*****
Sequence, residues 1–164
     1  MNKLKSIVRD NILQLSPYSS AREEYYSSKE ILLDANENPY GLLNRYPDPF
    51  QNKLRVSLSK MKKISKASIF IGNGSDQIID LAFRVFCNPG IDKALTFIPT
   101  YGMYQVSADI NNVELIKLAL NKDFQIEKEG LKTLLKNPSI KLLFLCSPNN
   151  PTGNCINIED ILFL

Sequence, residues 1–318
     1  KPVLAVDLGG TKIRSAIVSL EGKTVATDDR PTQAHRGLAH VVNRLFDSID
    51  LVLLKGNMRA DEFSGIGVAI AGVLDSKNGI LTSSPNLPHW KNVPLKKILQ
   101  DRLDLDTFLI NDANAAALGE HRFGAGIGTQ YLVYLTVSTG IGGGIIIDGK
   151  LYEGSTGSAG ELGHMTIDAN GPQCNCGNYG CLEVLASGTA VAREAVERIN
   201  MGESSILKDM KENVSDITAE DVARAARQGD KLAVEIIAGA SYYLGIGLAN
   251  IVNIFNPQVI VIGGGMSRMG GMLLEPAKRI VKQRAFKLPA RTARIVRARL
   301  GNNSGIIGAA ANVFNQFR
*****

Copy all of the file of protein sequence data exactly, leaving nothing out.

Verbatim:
Sequence, residues 1–164
     1  MNKLKSIVRD NILQLSPYSS AREEYYSSKE ILLDANENPY GLLNRYPDPF
    51  QNKLRVSLSK MKKISKASIF IGNGSDQIID LAFRVFCNPG IDKALTFIPT
   101  YGMYQVSADI NNVELIKLAL NKDFQIEKEG LKTLLKNPSI KLLFLCSPNN
   151  PTGNCINIED ILFL

Sequence, residues 1–318
     1  KPVLAVDLGG TKIRSAIVSL EGKTVATDDR PTQAHRGLAH VVNRLFDSID
    51  LVLLKGNMRA DEFSGIGVAI AGVLDSKNGI LTSSPNLPHW KNVPLKKILQ
   101  DRLDLDTFLI NDANAAALGE HRFGAGIGTQ YLVYLTVSTG IGGGIIIDGK
   151  LYEGSTGSAG ELGHMTIDAN GPQCNCGNYG CLEVLASGTA VAREAVERIN
   201  MGESSILKDM KENVSDITAE DVARAARQGD KLAVEIIAGA SYYLGIGLAN
   251  IVNIFNPQVI VIGGGMSRMG GMLLEPAKRI VKQRAFKLPA RTARIVRARL
   301  GNNSGIIGAA ANVFNQFR